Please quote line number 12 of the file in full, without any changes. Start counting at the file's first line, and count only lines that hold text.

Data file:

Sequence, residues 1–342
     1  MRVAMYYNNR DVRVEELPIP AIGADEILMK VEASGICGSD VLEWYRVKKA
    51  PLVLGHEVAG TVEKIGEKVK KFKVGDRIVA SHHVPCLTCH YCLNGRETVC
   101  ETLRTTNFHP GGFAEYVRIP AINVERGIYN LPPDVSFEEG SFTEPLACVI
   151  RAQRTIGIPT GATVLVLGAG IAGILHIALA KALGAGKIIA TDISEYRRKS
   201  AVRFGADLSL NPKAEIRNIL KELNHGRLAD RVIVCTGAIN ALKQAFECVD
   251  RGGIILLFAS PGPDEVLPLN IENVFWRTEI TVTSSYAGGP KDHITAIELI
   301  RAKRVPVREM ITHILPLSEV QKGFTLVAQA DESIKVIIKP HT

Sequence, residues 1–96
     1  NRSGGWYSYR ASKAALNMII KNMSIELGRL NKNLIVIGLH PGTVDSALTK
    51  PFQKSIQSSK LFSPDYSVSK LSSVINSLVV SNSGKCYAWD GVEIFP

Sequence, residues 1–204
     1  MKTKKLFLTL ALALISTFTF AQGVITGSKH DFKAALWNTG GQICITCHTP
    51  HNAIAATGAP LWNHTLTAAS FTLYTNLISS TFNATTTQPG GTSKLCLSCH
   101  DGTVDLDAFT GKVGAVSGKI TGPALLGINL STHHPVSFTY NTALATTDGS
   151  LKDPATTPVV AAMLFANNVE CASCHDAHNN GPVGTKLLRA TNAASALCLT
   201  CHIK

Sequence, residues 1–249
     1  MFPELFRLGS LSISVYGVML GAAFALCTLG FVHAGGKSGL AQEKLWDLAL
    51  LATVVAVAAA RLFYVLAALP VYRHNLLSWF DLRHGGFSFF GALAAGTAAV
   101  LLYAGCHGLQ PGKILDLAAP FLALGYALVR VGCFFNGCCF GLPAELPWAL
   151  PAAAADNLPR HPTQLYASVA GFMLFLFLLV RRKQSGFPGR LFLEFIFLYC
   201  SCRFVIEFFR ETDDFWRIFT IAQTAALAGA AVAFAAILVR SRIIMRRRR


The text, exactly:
Sequence, residues 1–204